From James McGrath, who’s been following the strange and embarrassing saga of Obama-as-Anti-Christ rhetoric, comes what turns into quite an interesting reflection on the tension between wanting the Bible to be prophetically correct, and wanting to read what the text is really, literally trying to say.
As McGrath explains, that tension is particularly high in the Bible’s final chapter. Revelations, the fevered dream of a Christian-vindicating apocalypse, has always been one of the Bible’s most controversial inclusions. While there’s always the possibility that some other apocalypse would have taken its place (they were quite popular theological devices at the time), its hard to even imagine what Western History would have looked like without its long series of end of the world cults and the omnipresent fear the world was ever heading towards the greatest darkness imaginable.
But Biblical scholars have long known that the clearest, simplest meaning of the text is that it refers to and end of days that prominently features Roman Empire. And not just any future possible Roman Empire: the very one that is now non-existent. Given the specific continuities described in Revelatons, any attempt to fit any modern Anti-Christ du jour runs into some severe problems, per McGrath:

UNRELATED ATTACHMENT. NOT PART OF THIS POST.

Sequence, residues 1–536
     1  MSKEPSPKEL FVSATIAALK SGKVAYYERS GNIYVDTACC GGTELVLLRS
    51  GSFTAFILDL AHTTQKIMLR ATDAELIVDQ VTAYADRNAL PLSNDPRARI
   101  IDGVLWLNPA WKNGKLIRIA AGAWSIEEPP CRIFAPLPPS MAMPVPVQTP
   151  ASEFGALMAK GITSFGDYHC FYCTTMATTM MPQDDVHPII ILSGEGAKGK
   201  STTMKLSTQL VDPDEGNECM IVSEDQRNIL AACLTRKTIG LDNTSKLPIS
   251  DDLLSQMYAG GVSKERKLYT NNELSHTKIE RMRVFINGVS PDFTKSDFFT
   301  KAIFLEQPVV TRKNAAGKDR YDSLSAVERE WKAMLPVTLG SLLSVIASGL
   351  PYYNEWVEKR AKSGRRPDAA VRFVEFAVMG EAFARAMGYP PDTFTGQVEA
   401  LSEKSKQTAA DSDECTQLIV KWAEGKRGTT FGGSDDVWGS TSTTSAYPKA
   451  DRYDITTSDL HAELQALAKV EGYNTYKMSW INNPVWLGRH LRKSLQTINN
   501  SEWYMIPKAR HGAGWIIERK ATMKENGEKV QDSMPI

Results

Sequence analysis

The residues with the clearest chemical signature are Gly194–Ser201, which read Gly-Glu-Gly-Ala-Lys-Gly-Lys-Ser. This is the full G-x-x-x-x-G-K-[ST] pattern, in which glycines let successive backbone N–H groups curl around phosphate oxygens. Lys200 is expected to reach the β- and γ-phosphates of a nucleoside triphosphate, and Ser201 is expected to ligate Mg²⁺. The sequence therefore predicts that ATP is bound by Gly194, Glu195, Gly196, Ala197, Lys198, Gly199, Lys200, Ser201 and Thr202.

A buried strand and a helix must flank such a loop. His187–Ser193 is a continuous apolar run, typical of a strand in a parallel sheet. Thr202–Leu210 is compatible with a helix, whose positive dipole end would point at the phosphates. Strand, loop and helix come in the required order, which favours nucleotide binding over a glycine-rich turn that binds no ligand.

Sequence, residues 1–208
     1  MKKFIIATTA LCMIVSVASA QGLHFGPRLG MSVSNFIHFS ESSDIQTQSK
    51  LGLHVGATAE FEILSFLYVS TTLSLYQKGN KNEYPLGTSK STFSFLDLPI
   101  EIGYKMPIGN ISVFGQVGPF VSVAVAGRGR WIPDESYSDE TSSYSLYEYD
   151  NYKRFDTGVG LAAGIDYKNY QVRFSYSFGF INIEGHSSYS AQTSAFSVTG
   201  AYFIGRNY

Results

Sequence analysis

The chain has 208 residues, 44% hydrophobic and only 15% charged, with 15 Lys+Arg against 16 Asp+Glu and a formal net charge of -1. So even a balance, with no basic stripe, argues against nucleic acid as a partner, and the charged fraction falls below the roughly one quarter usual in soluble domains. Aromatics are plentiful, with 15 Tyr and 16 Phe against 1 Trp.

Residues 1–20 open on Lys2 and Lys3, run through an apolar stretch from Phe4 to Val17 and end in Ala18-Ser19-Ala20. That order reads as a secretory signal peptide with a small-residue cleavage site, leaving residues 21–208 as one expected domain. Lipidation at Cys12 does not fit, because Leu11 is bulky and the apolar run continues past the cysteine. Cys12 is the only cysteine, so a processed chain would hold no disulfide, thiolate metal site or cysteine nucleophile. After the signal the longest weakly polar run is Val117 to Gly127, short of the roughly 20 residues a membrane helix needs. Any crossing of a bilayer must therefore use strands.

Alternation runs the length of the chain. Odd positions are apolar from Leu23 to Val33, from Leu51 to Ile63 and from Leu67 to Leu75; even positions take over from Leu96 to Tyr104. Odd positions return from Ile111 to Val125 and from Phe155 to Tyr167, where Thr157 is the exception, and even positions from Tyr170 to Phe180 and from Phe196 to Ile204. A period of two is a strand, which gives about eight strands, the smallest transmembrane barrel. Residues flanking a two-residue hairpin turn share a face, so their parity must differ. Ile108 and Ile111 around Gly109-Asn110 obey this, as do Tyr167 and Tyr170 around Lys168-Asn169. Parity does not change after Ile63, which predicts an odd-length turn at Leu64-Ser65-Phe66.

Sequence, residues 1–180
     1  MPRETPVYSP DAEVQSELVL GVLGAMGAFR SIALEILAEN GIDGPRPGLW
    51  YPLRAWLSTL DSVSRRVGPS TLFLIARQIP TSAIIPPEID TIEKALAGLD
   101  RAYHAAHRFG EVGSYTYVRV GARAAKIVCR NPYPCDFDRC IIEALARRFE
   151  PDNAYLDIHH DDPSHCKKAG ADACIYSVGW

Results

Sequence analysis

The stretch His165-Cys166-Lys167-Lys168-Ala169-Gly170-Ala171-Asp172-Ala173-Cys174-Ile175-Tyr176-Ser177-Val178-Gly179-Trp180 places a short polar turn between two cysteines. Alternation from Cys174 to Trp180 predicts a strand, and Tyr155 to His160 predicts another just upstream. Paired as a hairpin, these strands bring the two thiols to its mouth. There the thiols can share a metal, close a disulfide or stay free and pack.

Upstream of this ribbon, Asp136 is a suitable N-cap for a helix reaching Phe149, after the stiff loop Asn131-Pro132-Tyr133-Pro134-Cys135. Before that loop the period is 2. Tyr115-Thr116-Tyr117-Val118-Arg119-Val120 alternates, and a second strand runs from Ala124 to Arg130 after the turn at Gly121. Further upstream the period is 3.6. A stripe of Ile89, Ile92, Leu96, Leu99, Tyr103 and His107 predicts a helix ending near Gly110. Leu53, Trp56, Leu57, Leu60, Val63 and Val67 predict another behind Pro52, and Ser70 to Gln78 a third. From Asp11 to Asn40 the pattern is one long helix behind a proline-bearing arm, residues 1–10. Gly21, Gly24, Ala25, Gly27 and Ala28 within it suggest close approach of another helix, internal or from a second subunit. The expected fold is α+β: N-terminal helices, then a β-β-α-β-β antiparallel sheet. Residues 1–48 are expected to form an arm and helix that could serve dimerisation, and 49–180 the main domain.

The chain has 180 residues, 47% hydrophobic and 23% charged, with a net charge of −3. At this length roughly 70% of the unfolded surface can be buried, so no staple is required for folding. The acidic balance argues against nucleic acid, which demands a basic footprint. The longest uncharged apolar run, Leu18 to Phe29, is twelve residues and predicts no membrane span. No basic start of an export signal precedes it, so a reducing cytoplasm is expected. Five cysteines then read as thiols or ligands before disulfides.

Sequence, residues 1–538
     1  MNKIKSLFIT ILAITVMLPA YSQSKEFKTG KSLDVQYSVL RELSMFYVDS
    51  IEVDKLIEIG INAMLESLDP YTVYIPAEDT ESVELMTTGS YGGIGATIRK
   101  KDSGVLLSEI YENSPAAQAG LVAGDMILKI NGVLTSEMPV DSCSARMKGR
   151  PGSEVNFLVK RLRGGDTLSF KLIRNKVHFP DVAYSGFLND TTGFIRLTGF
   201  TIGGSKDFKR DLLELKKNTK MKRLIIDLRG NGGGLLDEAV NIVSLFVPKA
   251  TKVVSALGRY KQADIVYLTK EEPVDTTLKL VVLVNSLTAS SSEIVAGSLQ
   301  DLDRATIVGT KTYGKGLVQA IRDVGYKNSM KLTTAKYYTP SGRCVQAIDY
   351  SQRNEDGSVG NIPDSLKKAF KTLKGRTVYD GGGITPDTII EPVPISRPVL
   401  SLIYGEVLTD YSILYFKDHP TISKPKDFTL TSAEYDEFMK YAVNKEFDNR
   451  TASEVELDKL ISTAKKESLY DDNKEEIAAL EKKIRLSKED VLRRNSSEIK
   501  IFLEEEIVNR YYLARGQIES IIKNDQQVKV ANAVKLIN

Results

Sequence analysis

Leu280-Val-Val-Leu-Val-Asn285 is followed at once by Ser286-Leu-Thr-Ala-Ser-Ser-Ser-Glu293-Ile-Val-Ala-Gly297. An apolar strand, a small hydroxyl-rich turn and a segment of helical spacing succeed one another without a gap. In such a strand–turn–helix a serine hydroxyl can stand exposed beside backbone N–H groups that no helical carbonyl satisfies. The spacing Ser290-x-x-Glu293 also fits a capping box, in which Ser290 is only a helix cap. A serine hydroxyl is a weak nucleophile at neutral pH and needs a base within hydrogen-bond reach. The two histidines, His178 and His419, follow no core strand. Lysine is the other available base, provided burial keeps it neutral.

Once one realizes this, suddenly it becomes clear that fundamentalists are forced to believe that the temple will be rebuilt and a new Roman empire created, simply to make the world the way it was when the book was written, so that its imagery can still have a future reference. But it makes no sense to say that John refers to a series of 6 emperors, and then ignores all the others that followed until Obama became president of the United States, and suddenly he is the last one. There is nothing in the text and nothing in any form of intelligent reasoning that could make such a leap justified.
And so we’re left with a real dilemma for fundamentalist literalists (though few will likely acknowledge it): which is more important? That the Bible must be seen as correctly predicting future events, at all costs, no matter how elaborate the interpretive gymnastics required to keep it even potentially viable? Or that you should read and take seriously the plain text meaning of the words?